Jeffrey T. Berger, MD
Potential Financial Conflicts of Interest: None disclosed.
Requests for Single Reprints: Jeffrey T. Berger, MD, Clinical Ethics, Department of Medicine, Winthrop University Hospital, 222 Station Plaza North, Suite 518, Mineola, NY 11501; e-mail, email@example.com.
Implantable cardioverter defibrillators are life-saving devices for many patients with cardiac disease. Recipients of these devices, nevertheless, often suffer from progressive comorbid and cardiac conditions. Therefore, physicians should anticipate situations in which the defibrillator is no longer desired by the patient or no longer medically appropriate. Near the end of life, many of these patients may decline cardiopulmonary resuscitation. The comanagement of do-not-resuscitate orders and implanted defibrillators can be confusing to patients and physicians alike since the former proscribe the use of electrical cardioversion while the latter provide this precise treatment. Although the use of implanted defibrillators has important ethical implications, few studies have examined these issues, and guidelines have not yet been developed to assist physicians in caring for patients who have received defibrillators. This paper discusses bioethical considerations in disabling implantable cardioverter defibrillators.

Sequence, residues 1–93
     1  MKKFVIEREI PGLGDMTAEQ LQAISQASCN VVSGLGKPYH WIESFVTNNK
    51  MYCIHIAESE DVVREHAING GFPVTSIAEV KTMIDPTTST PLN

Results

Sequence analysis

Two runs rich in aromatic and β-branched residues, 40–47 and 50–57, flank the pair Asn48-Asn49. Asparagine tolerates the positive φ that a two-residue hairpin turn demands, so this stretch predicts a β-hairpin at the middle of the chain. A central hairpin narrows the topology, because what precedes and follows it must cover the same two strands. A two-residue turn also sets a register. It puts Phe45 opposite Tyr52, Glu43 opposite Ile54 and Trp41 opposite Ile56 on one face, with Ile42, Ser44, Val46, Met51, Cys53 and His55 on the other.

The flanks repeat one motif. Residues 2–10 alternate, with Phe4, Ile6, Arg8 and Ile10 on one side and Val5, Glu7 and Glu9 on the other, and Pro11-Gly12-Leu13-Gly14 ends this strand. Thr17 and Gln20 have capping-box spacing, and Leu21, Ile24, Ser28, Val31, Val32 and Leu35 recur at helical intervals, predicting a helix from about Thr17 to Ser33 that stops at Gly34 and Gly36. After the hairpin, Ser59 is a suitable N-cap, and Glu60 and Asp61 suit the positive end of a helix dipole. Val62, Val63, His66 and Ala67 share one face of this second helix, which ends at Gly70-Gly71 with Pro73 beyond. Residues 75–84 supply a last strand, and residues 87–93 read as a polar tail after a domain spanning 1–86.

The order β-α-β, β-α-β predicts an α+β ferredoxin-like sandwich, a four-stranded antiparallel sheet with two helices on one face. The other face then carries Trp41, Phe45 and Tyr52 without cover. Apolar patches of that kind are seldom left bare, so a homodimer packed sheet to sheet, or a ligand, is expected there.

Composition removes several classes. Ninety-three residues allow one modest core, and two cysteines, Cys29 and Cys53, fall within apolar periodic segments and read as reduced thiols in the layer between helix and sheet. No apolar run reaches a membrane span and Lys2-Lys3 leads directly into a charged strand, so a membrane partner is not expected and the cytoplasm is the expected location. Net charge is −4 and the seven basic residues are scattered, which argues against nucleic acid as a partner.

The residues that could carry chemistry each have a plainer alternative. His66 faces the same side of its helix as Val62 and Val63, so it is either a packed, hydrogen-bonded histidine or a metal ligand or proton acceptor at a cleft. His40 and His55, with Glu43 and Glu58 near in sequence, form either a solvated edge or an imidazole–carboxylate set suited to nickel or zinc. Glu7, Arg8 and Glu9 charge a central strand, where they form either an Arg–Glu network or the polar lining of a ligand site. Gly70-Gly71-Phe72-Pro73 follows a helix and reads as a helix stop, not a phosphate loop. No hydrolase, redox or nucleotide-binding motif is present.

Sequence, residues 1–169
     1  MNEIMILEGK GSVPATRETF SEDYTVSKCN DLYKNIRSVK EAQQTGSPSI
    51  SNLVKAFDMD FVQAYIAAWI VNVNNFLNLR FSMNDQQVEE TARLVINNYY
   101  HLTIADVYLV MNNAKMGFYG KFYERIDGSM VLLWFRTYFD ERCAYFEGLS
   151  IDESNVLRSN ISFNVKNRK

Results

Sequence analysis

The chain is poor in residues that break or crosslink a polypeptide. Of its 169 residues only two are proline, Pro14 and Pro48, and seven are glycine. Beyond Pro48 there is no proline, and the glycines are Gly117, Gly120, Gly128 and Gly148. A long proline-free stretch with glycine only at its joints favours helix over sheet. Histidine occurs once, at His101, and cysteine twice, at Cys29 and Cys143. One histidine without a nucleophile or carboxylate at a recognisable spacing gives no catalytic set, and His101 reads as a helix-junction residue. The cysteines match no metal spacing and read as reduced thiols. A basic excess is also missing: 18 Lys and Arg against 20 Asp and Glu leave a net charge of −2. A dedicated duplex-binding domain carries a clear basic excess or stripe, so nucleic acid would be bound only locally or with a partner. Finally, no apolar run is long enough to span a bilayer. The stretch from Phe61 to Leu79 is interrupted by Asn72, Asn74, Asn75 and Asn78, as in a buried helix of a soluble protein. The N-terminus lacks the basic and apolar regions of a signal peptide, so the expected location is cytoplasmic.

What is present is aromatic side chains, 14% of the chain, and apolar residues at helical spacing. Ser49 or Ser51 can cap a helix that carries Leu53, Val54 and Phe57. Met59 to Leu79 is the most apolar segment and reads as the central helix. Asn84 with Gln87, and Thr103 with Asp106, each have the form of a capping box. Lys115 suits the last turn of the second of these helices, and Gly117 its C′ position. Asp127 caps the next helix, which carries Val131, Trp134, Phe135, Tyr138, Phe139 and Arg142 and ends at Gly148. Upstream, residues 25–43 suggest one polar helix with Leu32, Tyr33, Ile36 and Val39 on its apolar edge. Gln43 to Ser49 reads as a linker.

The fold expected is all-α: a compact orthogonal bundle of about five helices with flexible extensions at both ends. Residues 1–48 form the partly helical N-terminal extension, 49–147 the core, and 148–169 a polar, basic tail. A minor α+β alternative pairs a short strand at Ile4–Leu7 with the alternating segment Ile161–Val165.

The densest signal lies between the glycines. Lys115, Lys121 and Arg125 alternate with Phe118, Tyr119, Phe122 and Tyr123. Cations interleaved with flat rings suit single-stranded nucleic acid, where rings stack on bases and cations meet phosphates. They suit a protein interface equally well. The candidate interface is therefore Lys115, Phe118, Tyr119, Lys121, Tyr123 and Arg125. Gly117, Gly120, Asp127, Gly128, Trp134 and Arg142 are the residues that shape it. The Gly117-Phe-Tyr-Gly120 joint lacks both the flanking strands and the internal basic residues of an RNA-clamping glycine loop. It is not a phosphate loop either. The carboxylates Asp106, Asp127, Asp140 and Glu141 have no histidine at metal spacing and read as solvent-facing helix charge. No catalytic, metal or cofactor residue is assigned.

Berger JT. The Ethics of Deactivating Implanted Cardioverter Defibrillators. Ann Intern Med. 2005;142:631–634. doi: 10.7326/0003-4819-142-8-200504190-00012
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Published: Ann Intern Med. 2005;142(8):631-634.
Cardiology, Hospital Medicine, Rhythm Disorders and Devices.
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